On 14 November 2016, the Centers for Medicare and Medicaid Services (CMS) released an interim final rule with comment period (IFR), effective 15 November 2016, that delays the effective date of the inclusion of the U.S. territories in the Medicaid Drug Rebate Program (MDRP) until 1 April 2020. The IFR was published in the Federal Register on 15 November 2016, and comments are due within 60 days of publication, no later than 17 January 2017.

The Covered Outpatient Drug Final Rule (Final Rule) revised the definition of "States" and "United States" to include the U.S. territories (American Samoa, the Northern Mariana Islands, Guam, the Commonwealth of Puerto Rico, and the U.S. Virgin Islands), effective 1 April 2017. The IFR now postpones that effective date until 1 April 2020.

When the revised definitions of "States" and "United States" become effective, the U.S. territories will be required to participate in the MDRP, unless granted a waiver, and participating manufacturers will have to include in their Average Manufacturer Price (AMP) and Best Price (BP) reporting prices paid by entities located in the U.S. territories.

CMS outlines the following reasons in the IFR for delaying the effective date of the revised definitions of "States" and "United States:"

  • The "interested U.S. territories" cannot be ready to implement the MDRP by 1 April 2017, and need more time to develop and change electronic claims processing systems to identify and report Medicaid utilization so as to be able to generate rebate invoices.
  • Requiring U.S. territories to seek a waiver from MDRP participation would impose burdens on territories, particularly on those territories that are not included in the broad waiver authority under section 1902(j) of the Social Security Act (Puerto Rico, the Virgin Islands, and Guam).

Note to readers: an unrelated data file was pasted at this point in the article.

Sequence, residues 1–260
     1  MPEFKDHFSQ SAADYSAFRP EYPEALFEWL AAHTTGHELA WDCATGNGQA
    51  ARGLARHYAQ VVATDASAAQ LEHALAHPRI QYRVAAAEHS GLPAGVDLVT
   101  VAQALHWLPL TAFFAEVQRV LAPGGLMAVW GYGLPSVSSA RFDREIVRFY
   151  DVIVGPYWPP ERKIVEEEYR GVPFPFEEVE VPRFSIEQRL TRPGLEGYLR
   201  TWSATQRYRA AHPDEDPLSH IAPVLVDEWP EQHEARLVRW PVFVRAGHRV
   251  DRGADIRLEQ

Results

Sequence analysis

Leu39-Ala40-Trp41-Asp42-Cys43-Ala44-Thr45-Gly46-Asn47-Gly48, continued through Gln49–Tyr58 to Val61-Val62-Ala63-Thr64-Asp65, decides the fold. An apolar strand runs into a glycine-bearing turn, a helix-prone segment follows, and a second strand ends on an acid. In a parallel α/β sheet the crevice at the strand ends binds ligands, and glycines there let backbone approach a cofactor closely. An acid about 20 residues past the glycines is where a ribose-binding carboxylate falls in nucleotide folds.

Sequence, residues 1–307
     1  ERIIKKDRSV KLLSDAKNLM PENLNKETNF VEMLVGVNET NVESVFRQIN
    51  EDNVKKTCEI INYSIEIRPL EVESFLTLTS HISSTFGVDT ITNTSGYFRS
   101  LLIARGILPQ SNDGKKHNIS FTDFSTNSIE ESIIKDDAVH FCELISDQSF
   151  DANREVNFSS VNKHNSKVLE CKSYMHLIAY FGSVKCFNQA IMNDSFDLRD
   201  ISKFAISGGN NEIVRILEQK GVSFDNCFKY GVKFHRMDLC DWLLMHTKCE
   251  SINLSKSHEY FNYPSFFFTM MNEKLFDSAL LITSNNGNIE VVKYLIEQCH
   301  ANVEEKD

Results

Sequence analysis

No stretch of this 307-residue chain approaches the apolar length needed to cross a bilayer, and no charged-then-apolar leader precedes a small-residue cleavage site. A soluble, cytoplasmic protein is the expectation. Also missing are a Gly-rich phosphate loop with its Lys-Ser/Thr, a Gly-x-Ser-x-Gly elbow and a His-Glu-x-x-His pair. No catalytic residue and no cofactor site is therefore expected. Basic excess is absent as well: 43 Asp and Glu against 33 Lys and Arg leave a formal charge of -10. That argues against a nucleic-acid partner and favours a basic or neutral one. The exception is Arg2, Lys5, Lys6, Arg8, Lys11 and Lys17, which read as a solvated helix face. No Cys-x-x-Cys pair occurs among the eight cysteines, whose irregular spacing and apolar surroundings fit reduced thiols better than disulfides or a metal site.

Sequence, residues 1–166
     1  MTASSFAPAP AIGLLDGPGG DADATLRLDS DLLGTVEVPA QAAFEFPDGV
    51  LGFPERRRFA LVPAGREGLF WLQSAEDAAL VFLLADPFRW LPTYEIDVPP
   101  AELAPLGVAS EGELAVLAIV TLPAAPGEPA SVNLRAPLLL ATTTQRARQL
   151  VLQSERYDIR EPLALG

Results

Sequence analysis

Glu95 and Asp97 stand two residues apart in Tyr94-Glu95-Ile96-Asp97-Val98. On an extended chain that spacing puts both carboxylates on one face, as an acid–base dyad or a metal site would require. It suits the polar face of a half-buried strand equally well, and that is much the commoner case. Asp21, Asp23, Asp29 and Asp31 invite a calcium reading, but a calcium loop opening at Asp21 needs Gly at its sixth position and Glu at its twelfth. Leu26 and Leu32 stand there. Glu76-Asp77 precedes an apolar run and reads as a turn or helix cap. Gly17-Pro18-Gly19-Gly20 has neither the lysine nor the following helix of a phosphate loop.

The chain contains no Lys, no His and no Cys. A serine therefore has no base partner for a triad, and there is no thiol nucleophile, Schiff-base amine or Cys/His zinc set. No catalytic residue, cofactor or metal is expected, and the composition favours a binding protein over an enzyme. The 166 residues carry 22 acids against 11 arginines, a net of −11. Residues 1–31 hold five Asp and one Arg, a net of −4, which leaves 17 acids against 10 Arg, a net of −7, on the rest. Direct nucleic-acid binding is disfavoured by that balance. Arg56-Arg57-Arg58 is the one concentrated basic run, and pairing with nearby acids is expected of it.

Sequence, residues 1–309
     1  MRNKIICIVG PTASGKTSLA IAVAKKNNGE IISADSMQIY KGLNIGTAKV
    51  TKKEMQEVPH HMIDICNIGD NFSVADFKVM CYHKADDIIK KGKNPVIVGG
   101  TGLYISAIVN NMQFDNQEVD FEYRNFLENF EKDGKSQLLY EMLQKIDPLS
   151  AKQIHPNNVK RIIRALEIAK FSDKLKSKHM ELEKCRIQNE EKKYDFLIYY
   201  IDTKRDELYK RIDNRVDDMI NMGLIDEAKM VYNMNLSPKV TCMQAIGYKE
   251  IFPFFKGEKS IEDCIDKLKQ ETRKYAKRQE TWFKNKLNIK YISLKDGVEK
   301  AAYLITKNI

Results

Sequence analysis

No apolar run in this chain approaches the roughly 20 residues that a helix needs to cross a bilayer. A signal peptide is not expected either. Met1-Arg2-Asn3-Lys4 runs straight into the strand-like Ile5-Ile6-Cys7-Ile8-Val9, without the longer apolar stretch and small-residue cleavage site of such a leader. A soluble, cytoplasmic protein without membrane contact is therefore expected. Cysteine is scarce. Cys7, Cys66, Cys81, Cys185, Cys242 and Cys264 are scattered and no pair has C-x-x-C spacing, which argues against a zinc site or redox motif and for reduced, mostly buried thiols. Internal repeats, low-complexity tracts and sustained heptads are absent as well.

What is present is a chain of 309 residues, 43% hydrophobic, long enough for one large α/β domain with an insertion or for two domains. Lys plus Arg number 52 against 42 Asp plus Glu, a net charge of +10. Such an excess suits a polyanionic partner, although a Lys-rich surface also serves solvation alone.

• In comments to the Final Rule, manufacturers indicated that they would need time to implement the inclusion of the U.S. territories in the MDRP, and there is no waiver available for manufacturers from including sales to the U.S. territories in AMP and BP.
  • Stakeholders have indicated that manufacturers may be prompted to increase their drug prices to entities in the territories when those sales must be included in AMP and BP, so that territories receiving a waiver would experience an increase in Medicaid drug costs without the offsetting benefit of receiving Medicaid rebates.

CMS believes it has good cause to waive the requirement for issuing a proposed rulemaking in this instance, because there is not enough time before the effective date of 1 April 2017 included in the Final Rule to complete this process and also issue a final rule to change the effective date. In addition, CMS believes "it would be contrary to public interest to delay notifying manufacturers of the change in the timing of the territorial inclusion in light of the potential that, absent sufficient advance notice, drug manufacturers may raise prices on drugs sold in the territories and thereby increase drug costs for both Medicaid and non-Medicaid consumers in the territories."